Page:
Wednesday, April 10, 2013

Missile interceptors and you

North Korea has continued popping crazy pills at an astounding rate. Their latest move, it seems, will be to fire (or test-fire, as in, not at an enemy target) a medium-range missile or two from its east coast. This has everyone a little nervous, because if even if the thing flies perfectly--and they don't always work out that way--it could very well fly over or land near Japan.

A brief look at what the DPRK is bringing to the table: The Musudan ballistic missile.

Pointy? Check. Fins? Check.

With a range of a little over 2,100 miles, it could concievably hit all of Japan, bits of Russia, a scattering of U.S. island bases and of course China. (A Co-Worker of the Blog suggested hitting China would be North Korea's ultimate "look at us, we're so crazy and unpredictable!" card.) It can theoretically carry a 1,600-pound warhead. I say theoretically because it has not been successfully tested.

Meanwhile, South Korea, the United States and Japan have brought their own pointy-finned toys to the table. In Japan, you have the MIM-104F Patriot PAC-3 deployed around Tokyo.

It's in a box, but yes--pointy and finned.

These are the latest iteration of the Patriot air defense missile made famous--or infamous--in the first Gulf War. These days, they are lighter, faster, stronger and have a tougher job than their predecessors. The early Patriots were designed to destroy their targets by exploding nearby and spraying it with high-velocity fragments. The idea is that this structural damage would rip the target, also traveling at high speed, straight to pieces.

But there is a better way: hitting it directly. Until relatively recently, the idea of hitting a missile directly with another missile was too difficult an engineering challenge to pull off reliably--thus the blast-fragmentation warhead. But the PAC-3 is in fact designed to hit its target directly. It does this by combining high-quality radar data from ground stations with a radar receiver in its own nose (now conveniently empty of a large warhead). When it hits its target, the kinetic energy of two objects, each moving about five times the speed of sound, is enough to completely obliterate the incoming missile... and thus prevent its warhead from following a ballistic path and hitting something on the ground. To make sure the job is done, the PAC-3 also carries a small explosive charge.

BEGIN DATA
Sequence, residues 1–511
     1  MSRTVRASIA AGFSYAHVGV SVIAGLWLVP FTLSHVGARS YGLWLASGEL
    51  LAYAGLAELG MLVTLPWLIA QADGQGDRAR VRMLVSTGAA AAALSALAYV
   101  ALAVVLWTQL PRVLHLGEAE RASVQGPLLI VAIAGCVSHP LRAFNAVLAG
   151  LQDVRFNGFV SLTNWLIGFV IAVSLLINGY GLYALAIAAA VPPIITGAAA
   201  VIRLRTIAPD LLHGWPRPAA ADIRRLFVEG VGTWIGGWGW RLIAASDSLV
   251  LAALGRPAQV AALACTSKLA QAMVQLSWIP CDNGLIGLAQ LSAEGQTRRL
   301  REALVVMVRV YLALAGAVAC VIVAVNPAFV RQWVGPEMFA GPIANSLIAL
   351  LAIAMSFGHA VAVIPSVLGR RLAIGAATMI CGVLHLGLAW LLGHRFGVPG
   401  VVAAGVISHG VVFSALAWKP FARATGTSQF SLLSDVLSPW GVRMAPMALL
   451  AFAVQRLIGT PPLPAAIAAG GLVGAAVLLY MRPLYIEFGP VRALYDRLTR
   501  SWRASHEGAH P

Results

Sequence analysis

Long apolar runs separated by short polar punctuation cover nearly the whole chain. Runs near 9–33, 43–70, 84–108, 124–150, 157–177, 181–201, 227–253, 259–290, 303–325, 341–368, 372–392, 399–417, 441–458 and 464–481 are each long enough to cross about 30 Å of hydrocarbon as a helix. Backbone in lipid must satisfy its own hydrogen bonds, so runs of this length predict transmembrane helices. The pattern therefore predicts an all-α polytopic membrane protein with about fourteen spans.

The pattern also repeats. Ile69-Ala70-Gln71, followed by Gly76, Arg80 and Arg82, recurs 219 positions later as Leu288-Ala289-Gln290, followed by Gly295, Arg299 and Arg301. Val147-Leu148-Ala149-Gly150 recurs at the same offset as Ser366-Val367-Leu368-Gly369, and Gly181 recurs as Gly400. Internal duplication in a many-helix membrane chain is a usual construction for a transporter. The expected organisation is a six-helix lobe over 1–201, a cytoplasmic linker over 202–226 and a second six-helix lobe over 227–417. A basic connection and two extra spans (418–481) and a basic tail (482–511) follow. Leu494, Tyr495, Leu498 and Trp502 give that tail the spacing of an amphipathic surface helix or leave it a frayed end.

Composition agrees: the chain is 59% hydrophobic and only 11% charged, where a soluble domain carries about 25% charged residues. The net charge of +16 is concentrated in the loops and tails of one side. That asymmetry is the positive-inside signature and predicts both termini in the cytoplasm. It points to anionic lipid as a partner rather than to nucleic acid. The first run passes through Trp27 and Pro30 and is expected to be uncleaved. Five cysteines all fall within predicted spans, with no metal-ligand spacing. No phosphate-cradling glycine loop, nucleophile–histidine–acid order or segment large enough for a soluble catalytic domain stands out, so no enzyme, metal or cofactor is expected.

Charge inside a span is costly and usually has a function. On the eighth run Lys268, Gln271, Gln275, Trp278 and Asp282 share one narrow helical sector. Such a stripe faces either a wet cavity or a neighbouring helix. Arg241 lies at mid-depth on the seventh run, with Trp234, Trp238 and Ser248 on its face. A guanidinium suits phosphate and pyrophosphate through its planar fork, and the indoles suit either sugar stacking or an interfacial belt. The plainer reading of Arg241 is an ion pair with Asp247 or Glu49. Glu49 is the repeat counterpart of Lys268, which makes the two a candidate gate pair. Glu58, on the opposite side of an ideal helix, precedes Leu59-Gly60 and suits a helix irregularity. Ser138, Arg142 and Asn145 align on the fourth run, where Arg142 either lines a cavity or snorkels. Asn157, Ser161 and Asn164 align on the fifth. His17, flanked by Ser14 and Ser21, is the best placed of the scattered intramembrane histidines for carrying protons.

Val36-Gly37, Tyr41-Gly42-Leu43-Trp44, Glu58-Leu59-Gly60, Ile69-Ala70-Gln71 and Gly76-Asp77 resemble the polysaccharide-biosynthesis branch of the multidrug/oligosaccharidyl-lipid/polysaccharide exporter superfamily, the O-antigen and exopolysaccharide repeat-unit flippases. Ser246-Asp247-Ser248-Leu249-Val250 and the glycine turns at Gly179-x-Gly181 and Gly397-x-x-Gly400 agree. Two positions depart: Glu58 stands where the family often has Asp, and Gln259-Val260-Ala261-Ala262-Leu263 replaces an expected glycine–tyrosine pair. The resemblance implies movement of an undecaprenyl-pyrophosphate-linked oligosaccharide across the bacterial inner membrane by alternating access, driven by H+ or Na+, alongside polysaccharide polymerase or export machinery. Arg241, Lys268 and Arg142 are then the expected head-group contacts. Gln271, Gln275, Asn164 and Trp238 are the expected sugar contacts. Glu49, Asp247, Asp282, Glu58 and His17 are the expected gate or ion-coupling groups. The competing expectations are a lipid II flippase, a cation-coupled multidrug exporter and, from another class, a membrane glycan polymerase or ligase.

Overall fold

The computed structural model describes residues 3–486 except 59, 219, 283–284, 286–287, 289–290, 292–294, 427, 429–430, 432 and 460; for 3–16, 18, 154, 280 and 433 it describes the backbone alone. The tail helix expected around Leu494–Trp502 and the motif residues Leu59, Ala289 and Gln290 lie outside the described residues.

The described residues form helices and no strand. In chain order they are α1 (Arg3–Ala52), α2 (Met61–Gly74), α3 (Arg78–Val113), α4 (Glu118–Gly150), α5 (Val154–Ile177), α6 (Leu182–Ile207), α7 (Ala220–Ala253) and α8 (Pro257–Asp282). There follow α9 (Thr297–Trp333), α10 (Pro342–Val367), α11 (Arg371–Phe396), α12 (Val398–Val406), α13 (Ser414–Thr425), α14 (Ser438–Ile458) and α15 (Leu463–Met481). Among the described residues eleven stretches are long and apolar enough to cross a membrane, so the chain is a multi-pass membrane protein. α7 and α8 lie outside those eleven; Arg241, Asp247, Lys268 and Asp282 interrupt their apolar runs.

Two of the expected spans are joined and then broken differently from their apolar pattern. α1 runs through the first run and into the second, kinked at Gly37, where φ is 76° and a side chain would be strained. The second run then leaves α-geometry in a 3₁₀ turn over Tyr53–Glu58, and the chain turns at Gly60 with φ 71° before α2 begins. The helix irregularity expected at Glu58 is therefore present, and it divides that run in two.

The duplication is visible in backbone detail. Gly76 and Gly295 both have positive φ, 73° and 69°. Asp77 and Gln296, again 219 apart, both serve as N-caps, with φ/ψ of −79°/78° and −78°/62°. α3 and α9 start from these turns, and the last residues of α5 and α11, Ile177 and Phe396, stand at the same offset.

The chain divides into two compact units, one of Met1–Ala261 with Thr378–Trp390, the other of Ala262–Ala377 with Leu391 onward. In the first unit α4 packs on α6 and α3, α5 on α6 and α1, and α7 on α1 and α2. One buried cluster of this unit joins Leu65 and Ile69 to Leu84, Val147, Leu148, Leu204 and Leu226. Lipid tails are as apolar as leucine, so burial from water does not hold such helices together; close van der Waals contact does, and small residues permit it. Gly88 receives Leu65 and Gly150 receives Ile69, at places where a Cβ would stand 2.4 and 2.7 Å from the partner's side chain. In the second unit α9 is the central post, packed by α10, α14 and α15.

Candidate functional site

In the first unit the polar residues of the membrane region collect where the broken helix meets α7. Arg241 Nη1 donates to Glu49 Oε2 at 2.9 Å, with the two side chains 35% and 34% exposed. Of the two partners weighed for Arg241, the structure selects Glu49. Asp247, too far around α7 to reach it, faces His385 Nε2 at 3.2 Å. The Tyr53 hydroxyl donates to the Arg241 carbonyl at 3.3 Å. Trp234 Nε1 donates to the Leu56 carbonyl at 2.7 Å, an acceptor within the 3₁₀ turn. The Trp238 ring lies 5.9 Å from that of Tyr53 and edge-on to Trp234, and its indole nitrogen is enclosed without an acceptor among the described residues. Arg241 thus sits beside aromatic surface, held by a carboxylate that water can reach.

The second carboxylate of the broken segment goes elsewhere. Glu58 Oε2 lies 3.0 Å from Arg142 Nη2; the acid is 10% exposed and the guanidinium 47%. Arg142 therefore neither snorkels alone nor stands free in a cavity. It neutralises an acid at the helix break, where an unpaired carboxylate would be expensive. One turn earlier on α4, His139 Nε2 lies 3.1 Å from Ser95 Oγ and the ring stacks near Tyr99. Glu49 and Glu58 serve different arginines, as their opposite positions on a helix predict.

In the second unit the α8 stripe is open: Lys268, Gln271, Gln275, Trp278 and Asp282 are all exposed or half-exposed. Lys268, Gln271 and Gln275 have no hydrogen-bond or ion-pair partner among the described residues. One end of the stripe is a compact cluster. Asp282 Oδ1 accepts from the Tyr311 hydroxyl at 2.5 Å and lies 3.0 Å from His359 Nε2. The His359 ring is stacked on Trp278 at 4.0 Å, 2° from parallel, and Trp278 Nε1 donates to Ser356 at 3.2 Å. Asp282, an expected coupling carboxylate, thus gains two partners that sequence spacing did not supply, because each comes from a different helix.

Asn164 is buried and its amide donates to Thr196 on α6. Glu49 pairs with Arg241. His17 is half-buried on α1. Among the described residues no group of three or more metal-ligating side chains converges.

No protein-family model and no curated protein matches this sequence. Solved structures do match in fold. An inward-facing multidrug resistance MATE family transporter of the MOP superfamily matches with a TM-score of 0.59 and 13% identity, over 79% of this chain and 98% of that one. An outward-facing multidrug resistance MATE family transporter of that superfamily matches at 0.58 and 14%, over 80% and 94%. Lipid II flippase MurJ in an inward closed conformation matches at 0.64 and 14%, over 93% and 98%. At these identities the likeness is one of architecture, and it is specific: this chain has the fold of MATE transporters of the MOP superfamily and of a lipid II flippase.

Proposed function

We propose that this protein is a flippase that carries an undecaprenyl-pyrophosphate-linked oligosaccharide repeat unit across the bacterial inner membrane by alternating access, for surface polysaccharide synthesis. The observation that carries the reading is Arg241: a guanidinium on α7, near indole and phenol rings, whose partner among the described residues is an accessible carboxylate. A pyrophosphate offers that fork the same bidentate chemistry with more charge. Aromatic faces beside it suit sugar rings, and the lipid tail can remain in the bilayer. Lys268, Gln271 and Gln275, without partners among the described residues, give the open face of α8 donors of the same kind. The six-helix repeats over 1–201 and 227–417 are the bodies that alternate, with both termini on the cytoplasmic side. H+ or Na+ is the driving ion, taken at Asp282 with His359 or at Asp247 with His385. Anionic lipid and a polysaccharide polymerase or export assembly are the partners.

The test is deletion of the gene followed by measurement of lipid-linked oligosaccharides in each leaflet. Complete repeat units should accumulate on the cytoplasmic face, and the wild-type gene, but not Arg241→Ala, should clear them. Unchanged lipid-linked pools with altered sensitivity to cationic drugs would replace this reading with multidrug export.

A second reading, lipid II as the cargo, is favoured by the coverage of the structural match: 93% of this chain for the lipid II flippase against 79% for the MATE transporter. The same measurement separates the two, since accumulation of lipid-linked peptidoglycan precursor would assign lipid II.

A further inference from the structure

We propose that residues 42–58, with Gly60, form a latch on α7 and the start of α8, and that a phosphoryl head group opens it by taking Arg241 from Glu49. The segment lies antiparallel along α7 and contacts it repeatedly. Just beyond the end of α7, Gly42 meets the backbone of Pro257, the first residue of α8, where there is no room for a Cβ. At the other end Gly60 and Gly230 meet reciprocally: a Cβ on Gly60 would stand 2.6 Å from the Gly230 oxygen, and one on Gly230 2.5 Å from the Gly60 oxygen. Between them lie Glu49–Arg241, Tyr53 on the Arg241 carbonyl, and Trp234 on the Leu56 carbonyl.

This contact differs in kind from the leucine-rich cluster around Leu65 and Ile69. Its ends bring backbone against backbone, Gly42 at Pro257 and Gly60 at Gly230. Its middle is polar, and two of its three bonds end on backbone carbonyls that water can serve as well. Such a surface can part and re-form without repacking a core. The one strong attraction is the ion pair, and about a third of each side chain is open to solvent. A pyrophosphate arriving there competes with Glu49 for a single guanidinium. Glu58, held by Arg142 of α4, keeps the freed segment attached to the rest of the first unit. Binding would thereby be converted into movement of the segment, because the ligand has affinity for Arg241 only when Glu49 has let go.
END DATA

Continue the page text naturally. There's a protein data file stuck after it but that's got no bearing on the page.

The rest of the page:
Meanwhile, in Korea and Guam, you have the latest in missile-blowing-up technology, the THAAD, whose unwieldy acronym stands for Terminal High Altitude Area Defense. It looks a little something like this:

Yep. Another box.

The THAAD is designed to actually destroy an incoming ballistic missile at the edges of the Earth's atmosphere, essentially before it has time to begin falling toward its target. This is a fantastically tricky task, and the actual interceptor is studded with reaction control jets that make it look like a freaky alien spaceship:

And that weird-looking box smashes into the warhead, again using kinetic energy to blow the enemy missile up real good.

And finally, both the U.S. and Japan have ships loaded with RIM-161--the boringly named Standard Missiles--that can actually blast satellites out of orbit.

Pointy again!
As the link above illustrates, these missiles, in combination with the U.S. Navy's Aegis radar system, are designed to hit incoming warheads well away from the target. This includes ICBMs, which thankfully North Korea has none of, but also shorter-range ballistic missiles. And like the THAAD and PAC-3, they are designed to directly hit their targets.

The exact ranges and capabilities of these systems are played relatively close to the vest. The Patriot's ground-based radar has a range of 65 or so miles. The THAAD and RIM-161 are harder to pin down, but as their targets are essentially extra-atmospheric, we're talking hundreds of miles, most likely.

What does this all mean? Well, essentially, it means that barring multiple failures--not impossible, but unlikely--if North Korea shoots a missile... and it works... and it's headed anywhere remotely dangerous... it will probably be shot down by one of the above systems. But in the meantime, let's hope for a sure thing: if North Korea doesn't test its missile, no one will get hurt.

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